Astronomers have found that there is a new class of exoplanets that may have suitable conditions for life, although they do not seem very domestic to us. They are saying their Hycean planet. These are hydrogen-dense atmospheres with very different conditions from the ocean world, mass, temperature, and the Earth. According to a report published in The Astrophysical Journal, members of this new class are both larger and warmer than Earth but have the right conditions to have oceans.
And those oceans can support life forms, as found in the most extreme ocean environments on Earth. Lead researcher Dr Nikku Madhusudhan from Cambridge’s Institute of Astronomy, said in a statement, “Oceanic planets open up entirely new paths in search of life elsewhere.”
The discovery of the exoplanet K2-18b and the discovery of water in its atmosphere inspired the team to explore some giant planets as life-supporting Earths. These are super-Earths or mini-Neptunes (depending on size) but are in a wide range of dense hydrogen atmospheres. They may also have a burning atmosphere. But maybe life finds a way around all this.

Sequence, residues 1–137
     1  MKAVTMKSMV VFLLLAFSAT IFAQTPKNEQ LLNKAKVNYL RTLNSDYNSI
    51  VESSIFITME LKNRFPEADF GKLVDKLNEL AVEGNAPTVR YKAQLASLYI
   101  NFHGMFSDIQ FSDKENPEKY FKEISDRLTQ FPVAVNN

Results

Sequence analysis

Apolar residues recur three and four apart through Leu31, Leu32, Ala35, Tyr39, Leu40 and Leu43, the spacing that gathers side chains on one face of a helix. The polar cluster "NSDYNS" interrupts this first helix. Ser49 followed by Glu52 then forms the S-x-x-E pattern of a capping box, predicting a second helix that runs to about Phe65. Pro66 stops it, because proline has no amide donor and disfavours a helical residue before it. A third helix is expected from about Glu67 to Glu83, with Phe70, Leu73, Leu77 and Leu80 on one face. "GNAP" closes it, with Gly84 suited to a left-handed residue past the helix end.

The team compresses the numbers and works out that the planets, with a 2.6 times radius of Earth and an atmospheric temperature of 200 ° C (392 ° F), may still have oceans that would be habitable for certain organisms. Even tidal planets, which have fixed starlight on one side, may still have habitable regions. But being a Hycean planet is not just about size and temperature. The structure of the atmosphere is also important. The atmosphere of an oceanic planet should have traces of other compounds besides hydrogen.
These include oxygen, ozone, methane, nitrous oxide, methyl chloride, dimethyl sulfide. Those molecules can indicate life. Madhusudhan added, “Basically, when we are looking for these different molecular signatures, we have focused on Earth-like planets, which is a reasonable place to start.” “But we think the Hycean planets offer a much better chance of finding several trace biosynthesis.”
Exoplanet K2-18b will be monitored by Hubble’s successor JWST after its launch in October. Atmospheric analysis can actually reveal some interesting molecular signatures. Their large size and high temperature make it easy to detect atmospheric signatures. “It’s exciting that the existence of habitable conditions on Earth can be different from Earth,” said Cambridge co-author Anjali Piet.
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